Francesc Marginedas

Francesc Marginedas
IPHES Catalan Institute for Human Palaeoecology and Social Evolution | IPHES · Taphonomy

PHD Student

About

5
Publications
2,586
Reads
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15
Citations
Citations since 2017
5 Research Items
15 Citations
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20172018201920202021202220230246810
20172018201920202021202220230246810
Introduction
Evolutionary anthropologist and quaternary archaeologist, I am currently working on my thesis at IPHES (Tarragona, Spain) with an FPI Maria de Maeztu grant. My doctoral project focuses on the characterization and identification of human activity on the bone surface associated with the butchery of bodies for consumption (cannibalism). We apply new technologies, such as the GIS system, to analyze the distribution and frequency of these modifications and infer in which context they belong.

Publications

Publications (5)
Article
Full-text available
The presence of skull cups (bowls made from human calvaria) is considered evidence of the ritualistic treatment of human bodies. These artefacts are characterised by careful manufacturing which can be taphonomically observed in bone surface modifications (BSM) as cut marks and percussion marks. These BSM show morphological similarities across Upper...
Chapter
Full-text available
Human cannibalism is a behavior documented as far back as the Lower Paleolithic, but during the Neolithic the number of cases increased throughout prehistoric Europe. Taphonomic studies help identify bodies that were processed for consumption. However, the presence of symbolic or ritual components can be more ambiguous and difficult to identify. At...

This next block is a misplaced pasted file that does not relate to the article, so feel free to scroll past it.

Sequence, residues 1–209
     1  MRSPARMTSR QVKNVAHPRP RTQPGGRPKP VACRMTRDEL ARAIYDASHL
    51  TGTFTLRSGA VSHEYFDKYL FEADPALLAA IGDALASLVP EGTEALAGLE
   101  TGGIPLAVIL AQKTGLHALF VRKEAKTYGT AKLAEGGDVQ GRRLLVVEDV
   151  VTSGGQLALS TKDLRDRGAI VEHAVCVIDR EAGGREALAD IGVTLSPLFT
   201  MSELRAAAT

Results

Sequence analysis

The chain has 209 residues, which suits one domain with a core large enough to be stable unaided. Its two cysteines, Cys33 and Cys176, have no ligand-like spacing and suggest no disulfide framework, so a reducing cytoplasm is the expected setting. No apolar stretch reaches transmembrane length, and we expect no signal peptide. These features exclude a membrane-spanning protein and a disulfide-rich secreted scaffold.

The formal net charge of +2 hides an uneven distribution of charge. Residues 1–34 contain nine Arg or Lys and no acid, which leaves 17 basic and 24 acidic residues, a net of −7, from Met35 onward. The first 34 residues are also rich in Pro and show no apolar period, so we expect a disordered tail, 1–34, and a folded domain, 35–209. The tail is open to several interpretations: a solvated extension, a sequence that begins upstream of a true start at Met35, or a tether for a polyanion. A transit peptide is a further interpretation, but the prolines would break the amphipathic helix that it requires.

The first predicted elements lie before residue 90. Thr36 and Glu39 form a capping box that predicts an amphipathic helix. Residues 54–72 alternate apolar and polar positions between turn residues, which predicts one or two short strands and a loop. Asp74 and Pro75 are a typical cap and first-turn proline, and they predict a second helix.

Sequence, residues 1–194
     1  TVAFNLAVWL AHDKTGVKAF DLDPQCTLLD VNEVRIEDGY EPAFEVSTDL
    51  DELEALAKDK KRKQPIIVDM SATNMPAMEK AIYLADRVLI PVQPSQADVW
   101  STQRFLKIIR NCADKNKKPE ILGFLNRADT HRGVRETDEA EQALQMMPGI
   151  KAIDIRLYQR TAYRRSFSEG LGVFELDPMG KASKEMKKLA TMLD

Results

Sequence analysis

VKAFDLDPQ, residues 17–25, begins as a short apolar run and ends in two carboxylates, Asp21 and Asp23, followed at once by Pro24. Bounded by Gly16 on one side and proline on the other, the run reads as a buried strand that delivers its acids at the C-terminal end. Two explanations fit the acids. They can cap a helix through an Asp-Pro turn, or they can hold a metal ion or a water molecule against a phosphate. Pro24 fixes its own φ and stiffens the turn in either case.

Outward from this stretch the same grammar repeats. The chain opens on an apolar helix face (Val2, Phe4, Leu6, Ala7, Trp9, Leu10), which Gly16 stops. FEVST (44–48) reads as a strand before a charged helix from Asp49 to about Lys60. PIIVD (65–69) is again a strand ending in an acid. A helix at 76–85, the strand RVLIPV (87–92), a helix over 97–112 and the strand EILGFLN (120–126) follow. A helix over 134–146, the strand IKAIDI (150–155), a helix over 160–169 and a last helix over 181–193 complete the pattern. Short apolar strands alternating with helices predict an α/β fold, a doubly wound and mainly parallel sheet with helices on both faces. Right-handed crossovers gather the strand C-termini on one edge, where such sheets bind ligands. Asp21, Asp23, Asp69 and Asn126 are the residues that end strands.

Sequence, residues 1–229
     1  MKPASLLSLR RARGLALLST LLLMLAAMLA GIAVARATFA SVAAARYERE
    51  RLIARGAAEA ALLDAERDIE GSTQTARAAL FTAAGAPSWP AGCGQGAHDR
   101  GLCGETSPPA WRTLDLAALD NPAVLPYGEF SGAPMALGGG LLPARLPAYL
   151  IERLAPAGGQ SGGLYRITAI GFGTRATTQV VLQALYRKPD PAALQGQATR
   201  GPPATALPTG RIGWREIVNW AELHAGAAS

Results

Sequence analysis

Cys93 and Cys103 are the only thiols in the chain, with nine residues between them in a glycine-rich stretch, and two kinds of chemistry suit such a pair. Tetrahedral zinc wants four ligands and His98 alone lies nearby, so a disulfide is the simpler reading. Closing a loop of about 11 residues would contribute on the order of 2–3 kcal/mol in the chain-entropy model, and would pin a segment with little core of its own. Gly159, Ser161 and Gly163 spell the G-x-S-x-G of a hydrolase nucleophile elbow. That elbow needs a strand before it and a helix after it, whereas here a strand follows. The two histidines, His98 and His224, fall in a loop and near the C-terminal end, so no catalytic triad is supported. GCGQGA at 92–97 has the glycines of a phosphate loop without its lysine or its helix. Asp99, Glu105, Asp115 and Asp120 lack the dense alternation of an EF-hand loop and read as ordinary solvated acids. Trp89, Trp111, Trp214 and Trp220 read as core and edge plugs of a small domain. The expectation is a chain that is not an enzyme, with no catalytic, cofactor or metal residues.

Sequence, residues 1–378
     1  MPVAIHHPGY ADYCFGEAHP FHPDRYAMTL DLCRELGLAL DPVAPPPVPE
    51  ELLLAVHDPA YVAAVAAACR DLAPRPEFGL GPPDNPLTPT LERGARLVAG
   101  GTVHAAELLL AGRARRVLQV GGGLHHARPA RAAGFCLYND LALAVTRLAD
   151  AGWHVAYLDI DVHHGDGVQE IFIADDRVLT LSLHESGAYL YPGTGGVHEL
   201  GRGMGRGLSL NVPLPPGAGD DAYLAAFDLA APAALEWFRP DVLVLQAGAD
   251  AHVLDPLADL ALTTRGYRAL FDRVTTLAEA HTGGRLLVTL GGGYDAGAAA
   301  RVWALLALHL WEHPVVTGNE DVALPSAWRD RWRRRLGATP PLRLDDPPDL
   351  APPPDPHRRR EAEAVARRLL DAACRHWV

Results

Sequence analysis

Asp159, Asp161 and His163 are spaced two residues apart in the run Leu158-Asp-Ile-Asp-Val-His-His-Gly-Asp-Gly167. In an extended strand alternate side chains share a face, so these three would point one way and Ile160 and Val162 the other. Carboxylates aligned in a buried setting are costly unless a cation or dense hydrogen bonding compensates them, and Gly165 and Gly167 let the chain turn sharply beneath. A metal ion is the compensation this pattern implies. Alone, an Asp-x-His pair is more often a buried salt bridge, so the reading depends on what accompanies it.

Article
Full-text available
Rodents gnaw bones to wear down their upper and lower incisors, which grow continuously. These gnawing marks are conspicuous and have long been identified in the fossil record. Archaeological taphonomy studies link modifications made by rodents to weathered and dried bones, while forensic taphonomy indicate that rodents also act on fresh corpses, c...
Poster
Full-text available
Part of the human remains found at the Cova Foradada site are burned. In this poster, we present the interpretation of their pre-burning condition (fresh or dry) through the fire-induced modifications, as an example of the information that can be obtained through the taphonomic analysis of the sepulchral assemblages. These bones were burned fresh (...
Poster
Full-text available
Archaeological records of the treatment of human skulls for ceremonial or cult purposes appear at the end of Palaeolithic and are shown in different ways, being able to identify through the taphonomic modifications. According to this, the presence of skull cups (bowls from human calvaria) is currently considered evidence of ritualistic treatment of...

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